As a small child I was frequently tucked into the car and wrapped in a patched quilt of kimonos, rice bags and faded Hawaiian aloha prints. On long cross country drives to a new home on one side of the country or the other, I carefully studied the fabrics rolling in small hills across my knees. They whispered of rustling sugar cane fields, of great aunts cooling off in rice bag slips, and of kimono doll dresses made of apple wrappers. The fabrics were warm reminders of family life and blended cultures on islands far away. They are the inspiration for my mixed media art today.

At the end, I had this to bracket the whole Artist Statement:
My art is rooted in the knowledge that textiles anchor us to cultural memories and help shape new identities. I will always be that child gazing in wonder at the diverse fabrics patched into the rolling landscapes of my life.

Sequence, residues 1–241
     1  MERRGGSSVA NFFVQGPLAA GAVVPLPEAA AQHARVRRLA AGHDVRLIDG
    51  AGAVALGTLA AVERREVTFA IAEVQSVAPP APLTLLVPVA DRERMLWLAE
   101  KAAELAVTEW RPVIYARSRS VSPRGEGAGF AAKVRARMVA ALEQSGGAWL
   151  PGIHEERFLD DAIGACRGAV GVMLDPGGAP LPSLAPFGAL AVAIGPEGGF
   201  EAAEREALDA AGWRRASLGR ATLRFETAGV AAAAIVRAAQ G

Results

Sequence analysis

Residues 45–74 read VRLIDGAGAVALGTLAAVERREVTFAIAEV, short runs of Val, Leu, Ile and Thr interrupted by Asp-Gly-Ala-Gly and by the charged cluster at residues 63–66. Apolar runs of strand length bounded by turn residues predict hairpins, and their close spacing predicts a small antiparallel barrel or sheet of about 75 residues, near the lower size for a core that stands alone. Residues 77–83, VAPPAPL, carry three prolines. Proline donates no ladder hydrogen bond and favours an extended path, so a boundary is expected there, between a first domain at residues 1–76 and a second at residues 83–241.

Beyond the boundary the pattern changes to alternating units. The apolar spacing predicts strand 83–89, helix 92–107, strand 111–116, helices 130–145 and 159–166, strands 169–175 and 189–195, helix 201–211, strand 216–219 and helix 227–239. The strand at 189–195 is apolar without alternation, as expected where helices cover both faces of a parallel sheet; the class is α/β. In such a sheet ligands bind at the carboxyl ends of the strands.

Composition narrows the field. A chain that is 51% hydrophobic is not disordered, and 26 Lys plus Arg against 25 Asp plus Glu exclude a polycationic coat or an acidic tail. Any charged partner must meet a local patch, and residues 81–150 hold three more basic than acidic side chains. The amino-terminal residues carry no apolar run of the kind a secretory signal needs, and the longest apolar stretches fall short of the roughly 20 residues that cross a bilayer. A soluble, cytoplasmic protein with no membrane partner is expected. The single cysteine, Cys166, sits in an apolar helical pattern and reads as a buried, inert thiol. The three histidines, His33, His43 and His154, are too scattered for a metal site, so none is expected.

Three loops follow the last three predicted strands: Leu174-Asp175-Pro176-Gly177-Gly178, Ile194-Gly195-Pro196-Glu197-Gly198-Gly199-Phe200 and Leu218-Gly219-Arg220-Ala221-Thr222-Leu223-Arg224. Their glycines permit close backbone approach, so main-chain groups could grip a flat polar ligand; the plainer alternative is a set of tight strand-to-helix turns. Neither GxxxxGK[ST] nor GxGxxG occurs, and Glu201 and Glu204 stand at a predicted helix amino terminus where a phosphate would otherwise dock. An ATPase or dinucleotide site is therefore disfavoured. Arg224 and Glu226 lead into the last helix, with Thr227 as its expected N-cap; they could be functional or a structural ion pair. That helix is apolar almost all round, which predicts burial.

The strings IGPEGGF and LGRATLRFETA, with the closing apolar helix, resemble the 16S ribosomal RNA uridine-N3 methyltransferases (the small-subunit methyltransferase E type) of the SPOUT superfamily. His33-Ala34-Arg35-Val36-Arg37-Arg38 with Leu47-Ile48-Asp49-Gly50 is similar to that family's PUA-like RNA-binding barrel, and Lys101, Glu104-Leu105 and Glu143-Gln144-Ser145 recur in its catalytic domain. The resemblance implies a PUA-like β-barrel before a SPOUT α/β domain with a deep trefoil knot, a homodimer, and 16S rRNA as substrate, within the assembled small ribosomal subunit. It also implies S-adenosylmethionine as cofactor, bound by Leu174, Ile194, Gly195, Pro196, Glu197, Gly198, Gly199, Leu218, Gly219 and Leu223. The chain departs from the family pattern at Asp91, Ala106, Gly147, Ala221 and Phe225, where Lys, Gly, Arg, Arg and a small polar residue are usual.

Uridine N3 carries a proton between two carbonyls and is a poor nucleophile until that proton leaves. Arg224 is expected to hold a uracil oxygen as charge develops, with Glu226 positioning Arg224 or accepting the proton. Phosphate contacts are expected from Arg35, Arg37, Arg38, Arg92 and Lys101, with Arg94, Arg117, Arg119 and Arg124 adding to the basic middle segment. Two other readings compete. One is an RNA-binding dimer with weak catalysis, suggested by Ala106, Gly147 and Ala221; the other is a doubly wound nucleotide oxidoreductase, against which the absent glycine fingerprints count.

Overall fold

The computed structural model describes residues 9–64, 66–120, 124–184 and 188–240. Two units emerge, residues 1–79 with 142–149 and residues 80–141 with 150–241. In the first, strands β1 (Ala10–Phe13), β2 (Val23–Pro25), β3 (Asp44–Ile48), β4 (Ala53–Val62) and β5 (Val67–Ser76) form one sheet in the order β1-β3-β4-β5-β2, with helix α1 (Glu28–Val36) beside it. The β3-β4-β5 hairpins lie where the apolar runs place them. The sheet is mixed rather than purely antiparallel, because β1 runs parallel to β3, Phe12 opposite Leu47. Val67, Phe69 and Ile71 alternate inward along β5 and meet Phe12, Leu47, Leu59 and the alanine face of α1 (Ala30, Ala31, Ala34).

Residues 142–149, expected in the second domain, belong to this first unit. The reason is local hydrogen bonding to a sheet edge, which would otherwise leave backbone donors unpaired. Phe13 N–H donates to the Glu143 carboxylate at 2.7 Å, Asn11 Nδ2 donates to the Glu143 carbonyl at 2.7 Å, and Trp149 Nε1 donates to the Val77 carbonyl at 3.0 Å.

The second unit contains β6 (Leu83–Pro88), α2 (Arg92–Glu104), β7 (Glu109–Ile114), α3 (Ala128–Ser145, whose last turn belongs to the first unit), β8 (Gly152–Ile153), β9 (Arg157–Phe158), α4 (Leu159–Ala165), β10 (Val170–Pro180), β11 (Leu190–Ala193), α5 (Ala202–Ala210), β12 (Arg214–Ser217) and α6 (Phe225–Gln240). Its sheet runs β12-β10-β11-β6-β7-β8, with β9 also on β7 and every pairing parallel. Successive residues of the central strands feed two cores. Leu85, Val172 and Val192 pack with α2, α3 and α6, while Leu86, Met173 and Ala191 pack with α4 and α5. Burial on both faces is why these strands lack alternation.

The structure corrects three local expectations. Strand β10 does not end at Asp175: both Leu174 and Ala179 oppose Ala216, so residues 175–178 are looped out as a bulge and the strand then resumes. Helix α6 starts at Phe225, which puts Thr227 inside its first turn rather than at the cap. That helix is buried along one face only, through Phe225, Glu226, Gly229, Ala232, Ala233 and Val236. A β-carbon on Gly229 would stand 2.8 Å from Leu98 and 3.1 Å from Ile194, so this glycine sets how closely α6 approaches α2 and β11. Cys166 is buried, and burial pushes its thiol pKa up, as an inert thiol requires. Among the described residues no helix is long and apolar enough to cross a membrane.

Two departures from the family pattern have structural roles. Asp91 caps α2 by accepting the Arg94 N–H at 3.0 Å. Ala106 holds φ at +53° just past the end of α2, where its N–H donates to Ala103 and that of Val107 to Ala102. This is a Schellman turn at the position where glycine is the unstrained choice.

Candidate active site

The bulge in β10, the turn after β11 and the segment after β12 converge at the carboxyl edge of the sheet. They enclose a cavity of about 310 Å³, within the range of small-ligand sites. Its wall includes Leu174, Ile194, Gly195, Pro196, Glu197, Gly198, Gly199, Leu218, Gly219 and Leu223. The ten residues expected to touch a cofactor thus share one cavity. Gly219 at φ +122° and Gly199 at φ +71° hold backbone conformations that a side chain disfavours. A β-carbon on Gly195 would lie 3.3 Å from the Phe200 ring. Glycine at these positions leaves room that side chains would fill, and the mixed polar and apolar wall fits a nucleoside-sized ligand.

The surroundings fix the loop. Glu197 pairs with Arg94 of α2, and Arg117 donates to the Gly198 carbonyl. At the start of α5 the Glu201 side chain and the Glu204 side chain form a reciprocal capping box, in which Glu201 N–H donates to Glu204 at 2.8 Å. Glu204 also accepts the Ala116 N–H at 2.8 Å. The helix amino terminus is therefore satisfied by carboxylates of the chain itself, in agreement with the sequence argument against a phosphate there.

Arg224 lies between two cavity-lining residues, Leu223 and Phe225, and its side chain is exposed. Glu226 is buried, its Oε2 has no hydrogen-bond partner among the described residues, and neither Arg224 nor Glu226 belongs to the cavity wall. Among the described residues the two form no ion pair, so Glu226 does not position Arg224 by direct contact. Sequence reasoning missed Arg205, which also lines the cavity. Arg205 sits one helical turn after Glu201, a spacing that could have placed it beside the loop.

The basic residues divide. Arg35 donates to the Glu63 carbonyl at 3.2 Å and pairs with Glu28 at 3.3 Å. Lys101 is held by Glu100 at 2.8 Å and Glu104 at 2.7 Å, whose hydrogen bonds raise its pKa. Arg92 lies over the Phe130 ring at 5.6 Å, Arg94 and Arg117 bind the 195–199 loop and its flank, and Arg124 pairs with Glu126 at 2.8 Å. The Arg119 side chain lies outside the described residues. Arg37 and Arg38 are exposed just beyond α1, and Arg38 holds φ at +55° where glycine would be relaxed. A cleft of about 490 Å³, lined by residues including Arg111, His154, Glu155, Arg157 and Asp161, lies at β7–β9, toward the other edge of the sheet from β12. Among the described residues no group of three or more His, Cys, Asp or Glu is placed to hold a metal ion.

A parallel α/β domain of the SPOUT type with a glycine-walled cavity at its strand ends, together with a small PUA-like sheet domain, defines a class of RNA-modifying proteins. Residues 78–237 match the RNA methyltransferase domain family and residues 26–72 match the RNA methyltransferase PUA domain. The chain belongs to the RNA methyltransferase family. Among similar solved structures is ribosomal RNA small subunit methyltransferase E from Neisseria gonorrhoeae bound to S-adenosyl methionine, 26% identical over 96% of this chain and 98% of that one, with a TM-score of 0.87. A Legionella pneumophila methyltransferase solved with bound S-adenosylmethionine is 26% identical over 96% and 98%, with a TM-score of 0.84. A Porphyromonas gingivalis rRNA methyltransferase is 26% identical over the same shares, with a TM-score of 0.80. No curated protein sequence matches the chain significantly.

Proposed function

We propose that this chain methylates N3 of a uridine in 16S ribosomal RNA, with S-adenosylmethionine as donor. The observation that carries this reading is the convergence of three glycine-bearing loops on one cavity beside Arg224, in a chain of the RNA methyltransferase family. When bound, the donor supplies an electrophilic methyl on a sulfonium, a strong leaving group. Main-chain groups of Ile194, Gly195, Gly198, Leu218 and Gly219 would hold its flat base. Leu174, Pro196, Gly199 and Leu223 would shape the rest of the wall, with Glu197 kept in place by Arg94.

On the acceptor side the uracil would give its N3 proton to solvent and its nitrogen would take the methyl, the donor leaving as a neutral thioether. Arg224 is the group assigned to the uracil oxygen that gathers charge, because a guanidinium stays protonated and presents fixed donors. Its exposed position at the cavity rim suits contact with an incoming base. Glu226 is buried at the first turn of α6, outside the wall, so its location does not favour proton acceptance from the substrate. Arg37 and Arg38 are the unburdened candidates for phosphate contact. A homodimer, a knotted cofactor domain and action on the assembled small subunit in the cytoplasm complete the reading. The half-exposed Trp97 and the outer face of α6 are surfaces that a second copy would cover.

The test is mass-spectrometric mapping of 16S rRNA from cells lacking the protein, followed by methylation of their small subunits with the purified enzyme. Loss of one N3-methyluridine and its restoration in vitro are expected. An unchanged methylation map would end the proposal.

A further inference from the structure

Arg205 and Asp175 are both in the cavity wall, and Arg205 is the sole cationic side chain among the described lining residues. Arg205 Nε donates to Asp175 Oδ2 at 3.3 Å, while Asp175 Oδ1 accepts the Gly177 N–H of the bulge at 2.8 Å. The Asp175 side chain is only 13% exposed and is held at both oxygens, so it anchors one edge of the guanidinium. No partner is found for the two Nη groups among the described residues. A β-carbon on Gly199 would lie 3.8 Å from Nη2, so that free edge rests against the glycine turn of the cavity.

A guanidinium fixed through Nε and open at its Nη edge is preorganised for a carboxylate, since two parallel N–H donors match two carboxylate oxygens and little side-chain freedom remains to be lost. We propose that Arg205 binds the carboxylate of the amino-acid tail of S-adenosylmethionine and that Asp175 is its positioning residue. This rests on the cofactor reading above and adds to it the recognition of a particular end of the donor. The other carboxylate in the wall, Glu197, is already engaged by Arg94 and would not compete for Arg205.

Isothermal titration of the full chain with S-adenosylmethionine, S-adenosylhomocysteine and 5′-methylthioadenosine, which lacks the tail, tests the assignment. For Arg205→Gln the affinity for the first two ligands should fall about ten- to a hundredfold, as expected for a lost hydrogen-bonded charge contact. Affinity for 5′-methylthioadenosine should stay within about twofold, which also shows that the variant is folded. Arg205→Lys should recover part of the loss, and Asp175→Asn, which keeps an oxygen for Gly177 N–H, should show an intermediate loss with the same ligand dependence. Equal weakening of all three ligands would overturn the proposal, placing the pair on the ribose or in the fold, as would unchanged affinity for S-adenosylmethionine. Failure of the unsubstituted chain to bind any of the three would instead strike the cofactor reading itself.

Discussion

My point here is to read other artist's bios. It can light a spark of memory in your own life and help with formulating your voice.

Sharing Resources and Info
Another great thing about meeting other artists and joining arts organizations is the resources and information they share if they are generous. Not all artist are generous. I have come to really appreciate the ones who are.

After sharing some of my textile experimentation with Mr. Gilens he sent me this link on intricate Islamic tile work. It is a fascinating article.

John Kuzich is another very generous artist. After only meeting him a few times, he showed up and helped me pack up the evening before my de install at the de Young. His residency at the de Young was this past summer and his show and reception were fantastic.

I have a network of friends who are artists, arts educators and teachers and it is great to be able to pool our information. A few months ago I applied for the Rambus-KCI Innovation Award. I happened to hear about it from a friend and would not have known about it otherwise. Last week I was notified that I was the final runner up for the award. It will be wonderful to meet the other arts educators honored at the ceremony.

Hire a Grant Writer/ Reviewer